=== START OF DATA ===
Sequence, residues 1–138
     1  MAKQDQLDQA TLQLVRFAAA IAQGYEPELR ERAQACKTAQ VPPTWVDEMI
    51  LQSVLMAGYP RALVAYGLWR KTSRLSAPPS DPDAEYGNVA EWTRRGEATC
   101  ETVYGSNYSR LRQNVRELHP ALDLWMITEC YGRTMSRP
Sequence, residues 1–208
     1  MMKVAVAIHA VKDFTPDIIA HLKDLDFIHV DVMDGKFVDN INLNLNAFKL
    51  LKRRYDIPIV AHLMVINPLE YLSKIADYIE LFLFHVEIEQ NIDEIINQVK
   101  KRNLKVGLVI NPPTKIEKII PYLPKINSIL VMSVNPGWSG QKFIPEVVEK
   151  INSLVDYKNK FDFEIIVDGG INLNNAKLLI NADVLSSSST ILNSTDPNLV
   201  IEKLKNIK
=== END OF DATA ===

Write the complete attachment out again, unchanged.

Sequence, residues 1–138
     1  MAKQDQLDQA TLQLVRFAAA IAQGYEPELR ERAQACKTAQ VPPTWVDEMI
    51  LQSVLMAGYP RALVAYGLWR KTSRLSAPPS DPDAEYGNVA EWTRRGEATC
   101  ETVYGSNYSR LRQNVRELHP ALDLWMITEC YGRTMSRP
Sequence, residues 1–208
     1  MMKVAVAIHA VKDFTPDIIA HLKDLDFIHV DVMDGKFVDN INLNLNAFKL
    51  LKRRYDIPIV AHLMVINPLE YLSKIADYIE LFLFHVEIEQ NIDEIINQVK
   101  KRNLKVGLVI NPPTKIEKII PYLPKINSIL VMSVNPGWSG QKFIPEVVEK
   151  INSLVDYKNK FDFEIIVDGG INLNNAKLLI NADVLSSSST ILNSTDPNLV
   201  IEKLKNIK